As Tony Scott’s first major work of the 1990’s, DAYS OF THUNDER is obviously trying to recapture past TOP GUN (1986) glory by swapping fighter jets with race cars. That said, it’s not nearly as cheesy as its predecessor, but recycles many of the same style elements and story tropes. As a result, the reheated leftovers can’t quite amount to the undeniable cultural impact of Maverick and Goose.
In the beginning of the 90’s, the producing team of Don Simpson and Jerry Bruckheimer had a near-monopoly on the highest-grossing American studio films. They developed a certain gung-ho, patriotic style that utilized huge budgets to deliver super-sized thrills. They shepherded an entire generation of action directors, from Michael Bay to Simon West– but Scott is arguably the finest director in their stable. With DAYS OF THUNDER, Scott again works with these producing powerhouses to score another box office hit.
Scott re-teams with Tom Cruise, who headlines the film as Cole Trickle: a young hotshot race car driver whose supreme confidence is shaken when he’s involved in a traumatic accident on the job. The characters of Maverick and Cole are essentially the same– the key difference being the length of Cruise’s hair. Robert Duvall is incredibly effective and believable as the blue collar, Southern-drawled farmer/car engineer who’s lured back into racing and becomes Cole’s mentor. A young Nicole Kidman is the love interest, but updated with a 90’s twist. Keeping in tradition with Kelly McGillis’ whip smart flight instructor in TOP GUN, Kidman plays an equally whip smart doctor who is strongly resistant to Cruise’s charms. It’s also interesting that she seems to be using her natural Aussie accent here, instead of going for the expected American one. Kidman would later go on to become Cruise’s real-life wife for a spell, as well as his on-screen one in Stanley Kubrick’s EYES WIDE SHUT (1999).
The supporting cast is filled out with strong character actors like Randy Quaid and John C Reilly. Knowing how Quaid has somewhat spiraled out of mental health in recent years, it’s really interesting to see him here as a cleaned-up, slick shark of a businessman. I didn’t know he had that kind of range.
It being a new decade and all, Scott switches up his team of collaborators behind the camera, but still achieves a look that’s consistent with his past work. Ward Russell serves as the Director of Photography, and ably accommodates Scott’s fondness for high contrast, warm color tones, dramatic orange skies, and an epic-feeling Anarmorphic aspect ratio (not to mention that damn daylight through the blinds!). The camerawork is low-key, choosing to stay locked-off and compositional rather than flashy for a majority of the story. The pace of editing and placement of the camera ramps up substantially, however, during the film’s racing scenes. Mounting the camera to the cars like he did to the jets in TOP GUN, Scott ably puts the audience right there on the track and gives off a strong sense of speed.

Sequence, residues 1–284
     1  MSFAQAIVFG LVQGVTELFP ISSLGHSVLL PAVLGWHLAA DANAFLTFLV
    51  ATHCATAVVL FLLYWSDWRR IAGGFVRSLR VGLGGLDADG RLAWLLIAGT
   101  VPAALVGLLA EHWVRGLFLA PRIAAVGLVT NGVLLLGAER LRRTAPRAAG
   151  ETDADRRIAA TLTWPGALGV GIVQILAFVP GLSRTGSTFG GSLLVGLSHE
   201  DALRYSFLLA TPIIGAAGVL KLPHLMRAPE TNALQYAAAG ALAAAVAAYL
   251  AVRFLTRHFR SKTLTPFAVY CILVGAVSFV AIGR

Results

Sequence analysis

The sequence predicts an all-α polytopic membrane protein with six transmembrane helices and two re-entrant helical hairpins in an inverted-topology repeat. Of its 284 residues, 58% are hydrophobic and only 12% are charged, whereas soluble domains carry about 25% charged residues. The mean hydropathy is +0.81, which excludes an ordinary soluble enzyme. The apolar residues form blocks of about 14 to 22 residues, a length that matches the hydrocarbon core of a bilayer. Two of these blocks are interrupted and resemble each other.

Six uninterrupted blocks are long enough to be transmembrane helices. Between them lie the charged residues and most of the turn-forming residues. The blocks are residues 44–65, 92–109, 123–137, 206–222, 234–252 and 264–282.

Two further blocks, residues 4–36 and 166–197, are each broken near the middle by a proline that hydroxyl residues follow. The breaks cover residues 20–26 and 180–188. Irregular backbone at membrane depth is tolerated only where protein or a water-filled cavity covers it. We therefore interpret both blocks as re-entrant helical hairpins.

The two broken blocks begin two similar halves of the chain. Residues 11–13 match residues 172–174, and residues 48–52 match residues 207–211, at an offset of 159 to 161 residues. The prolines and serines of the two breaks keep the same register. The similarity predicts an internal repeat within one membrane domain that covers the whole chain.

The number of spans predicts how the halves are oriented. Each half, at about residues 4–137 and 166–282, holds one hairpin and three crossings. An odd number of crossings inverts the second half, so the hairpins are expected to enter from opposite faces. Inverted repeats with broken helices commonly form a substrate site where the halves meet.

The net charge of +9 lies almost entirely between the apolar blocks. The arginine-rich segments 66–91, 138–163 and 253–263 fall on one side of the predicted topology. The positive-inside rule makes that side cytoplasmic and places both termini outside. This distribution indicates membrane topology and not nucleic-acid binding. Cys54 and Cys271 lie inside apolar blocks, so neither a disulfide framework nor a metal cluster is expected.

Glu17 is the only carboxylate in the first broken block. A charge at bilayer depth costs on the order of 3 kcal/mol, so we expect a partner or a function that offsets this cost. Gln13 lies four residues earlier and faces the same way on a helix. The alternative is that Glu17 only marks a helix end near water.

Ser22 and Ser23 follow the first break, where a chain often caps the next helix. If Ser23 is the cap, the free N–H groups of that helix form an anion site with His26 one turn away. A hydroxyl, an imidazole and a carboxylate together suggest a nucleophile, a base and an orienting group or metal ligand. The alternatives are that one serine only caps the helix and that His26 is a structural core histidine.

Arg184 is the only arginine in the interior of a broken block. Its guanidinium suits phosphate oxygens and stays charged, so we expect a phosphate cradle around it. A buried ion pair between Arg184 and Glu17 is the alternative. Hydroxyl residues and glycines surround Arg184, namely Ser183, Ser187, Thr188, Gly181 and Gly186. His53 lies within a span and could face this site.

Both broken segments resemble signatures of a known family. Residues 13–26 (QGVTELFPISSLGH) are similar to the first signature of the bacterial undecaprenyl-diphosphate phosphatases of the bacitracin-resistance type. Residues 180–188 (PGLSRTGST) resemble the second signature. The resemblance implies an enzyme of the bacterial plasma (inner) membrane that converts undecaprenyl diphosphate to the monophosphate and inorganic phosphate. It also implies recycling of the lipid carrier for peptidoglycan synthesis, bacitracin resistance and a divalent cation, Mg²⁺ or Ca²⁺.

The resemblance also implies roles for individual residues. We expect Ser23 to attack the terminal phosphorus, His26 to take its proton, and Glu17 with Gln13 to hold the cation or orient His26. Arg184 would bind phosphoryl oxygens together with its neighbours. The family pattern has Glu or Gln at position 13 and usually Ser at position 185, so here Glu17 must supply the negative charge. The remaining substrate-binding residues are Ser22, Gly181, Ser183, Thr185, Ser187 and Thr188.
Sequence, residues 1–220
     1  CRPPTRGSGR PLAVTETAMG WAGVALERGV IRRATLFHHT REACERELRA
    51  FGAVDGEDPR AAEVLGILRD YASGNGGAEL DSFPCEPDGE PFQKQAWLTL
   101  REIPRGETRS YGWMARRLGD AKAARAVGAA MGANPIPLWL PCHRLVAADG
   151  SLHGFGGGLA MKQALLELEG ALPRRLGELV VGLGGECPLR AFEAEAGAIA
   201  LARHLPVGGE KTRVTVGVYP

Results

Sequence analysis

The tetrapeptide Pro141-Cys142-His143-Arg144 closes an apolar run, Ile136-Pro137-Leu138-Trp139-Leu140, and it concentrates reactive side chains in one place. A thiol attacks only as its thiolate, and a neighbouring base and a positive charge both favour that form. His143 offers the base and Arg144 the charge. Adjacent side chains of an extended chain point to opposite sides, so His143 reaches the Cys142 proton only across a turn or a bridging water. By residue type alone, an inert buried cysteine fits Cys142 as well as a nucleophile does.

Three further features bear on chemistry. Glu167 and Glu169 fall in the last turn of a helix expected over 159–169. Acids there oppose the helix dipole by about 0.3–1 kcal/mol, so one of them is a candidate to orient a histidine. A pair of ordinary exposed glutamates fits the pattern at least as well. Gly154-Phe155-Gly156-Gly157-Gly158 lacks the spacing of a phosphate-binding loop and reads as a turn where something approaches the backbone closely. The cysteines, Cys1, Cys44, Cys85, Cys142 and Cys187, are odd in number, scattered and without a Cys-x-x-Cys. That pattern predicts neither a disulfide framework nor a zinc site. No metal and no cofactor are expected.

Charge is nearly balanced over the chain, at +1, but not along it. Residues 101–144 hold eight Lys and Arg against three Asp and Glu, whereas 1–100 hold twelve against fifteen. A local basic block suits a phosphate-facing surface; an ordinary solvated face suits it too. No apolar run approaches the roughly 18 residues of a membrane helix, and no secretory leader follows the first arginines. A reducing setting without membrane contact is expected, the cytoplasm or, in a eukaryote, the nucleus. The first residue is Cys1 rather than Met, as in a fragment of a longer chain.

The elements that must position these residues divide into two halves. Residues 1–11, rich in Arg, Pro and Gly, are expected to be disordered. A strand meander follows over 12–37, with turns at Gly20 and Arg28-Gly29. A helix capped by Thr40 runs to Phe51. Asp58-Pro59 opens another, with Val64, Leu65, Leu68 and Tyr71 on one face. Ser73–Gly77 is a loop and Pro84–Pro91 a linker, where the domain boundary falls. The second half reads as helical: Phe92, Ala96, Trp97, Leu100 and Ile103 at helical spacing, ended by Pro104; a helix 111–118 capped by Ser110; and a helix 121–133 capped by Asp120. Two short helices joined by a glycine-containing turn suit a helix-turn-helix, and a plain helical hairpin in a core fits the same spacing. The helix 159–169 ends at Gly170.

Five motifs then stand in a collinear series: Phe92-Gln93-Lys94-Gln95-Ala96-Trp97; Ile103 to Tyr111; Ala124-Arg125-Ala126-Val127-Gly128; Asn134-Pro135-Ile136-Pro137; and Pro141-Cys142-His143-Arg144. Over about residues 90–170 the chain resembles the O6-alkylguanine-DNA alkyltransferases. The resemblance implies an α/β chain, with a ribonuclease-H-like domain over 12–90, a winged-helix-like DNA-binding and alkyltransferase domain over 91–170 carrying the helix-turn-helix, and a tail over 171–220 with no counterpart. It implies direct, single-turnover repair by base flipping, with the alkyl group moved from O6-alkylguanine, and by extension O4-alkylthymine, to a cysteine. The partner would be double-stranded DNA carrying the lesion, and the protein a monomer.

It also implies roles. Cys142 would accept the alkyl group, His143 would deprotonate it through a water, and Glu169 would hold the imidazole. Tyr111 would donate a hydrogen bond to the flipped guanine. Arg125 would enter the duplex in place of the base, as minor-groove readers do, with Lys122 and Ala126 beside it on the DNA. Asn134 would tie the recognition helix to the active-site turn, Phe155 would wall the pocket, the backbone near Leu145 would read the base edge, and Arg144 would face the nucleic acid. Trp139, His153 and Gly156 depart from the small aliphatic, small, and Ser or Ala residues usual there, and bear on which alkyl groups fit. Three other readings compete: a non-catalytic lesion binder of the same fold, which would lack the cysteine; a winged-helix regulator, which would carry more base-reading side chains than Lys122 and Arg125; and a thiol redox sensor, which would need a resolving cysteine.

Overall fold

The story is, unfortunately, almost a note-for-note rehash of TOP GUN. It’s not as strong or compelling as its predecessor, and the love story is stale and formulaic, but Scott creates a few memorable sequences. One of my favorites was a wheelchair-bound racing scene through a hospital corridor. It goes to show the intense competitive spirit inherent in these young men and why their profession is everything to them. It’s a lighthearted moment, to be sure, but it’s also a great insight into the characters’ psyche.
DAYS OF THUNDER marks Scott’s first collaboration with Hans Zimmer, who has since become one of the most sought-after composers in today’s filmmaking scene. Zimmer crafts an electronic, synth-y score that strives for the pop zeitgeist that TOP GUN’s score achieved. With the 80’s firmly in the past, and grunge rock planting its roots in dank Pacific Northwestern basements, the soundtrack must’ve sounded a little cheesy even back then. Today, it’s another goofy element that dates what could otherwise be a timeless film.
This was my first time seeing DAYS OF THUNDER, and perhaps it was the outdated DVD transfer, but I had a hard time connecting with it— if even for the fact that it was a rehash of a story I already didn’t connect to in TOP GUN. That being said, I can’t argue against its solid box office success and standing in 90’s pop culture. It’s another notch in Scott’s belt of bonafide action successes.
It was around this point that Scott was crystallizing his “brand” as a helmer of big-budget, big-star-name action vehicles. It’s a decidedly different tack from what his brother Ridley ended up taking, but by focusing his craft on this particular frequency of the cinematic spectrum, his natural talents allow him to turn otherwise-disposable entertainment into enduring fan favorites.
DAYS OF THUNDER is currently available on high-definition Blu Ray from Paramount.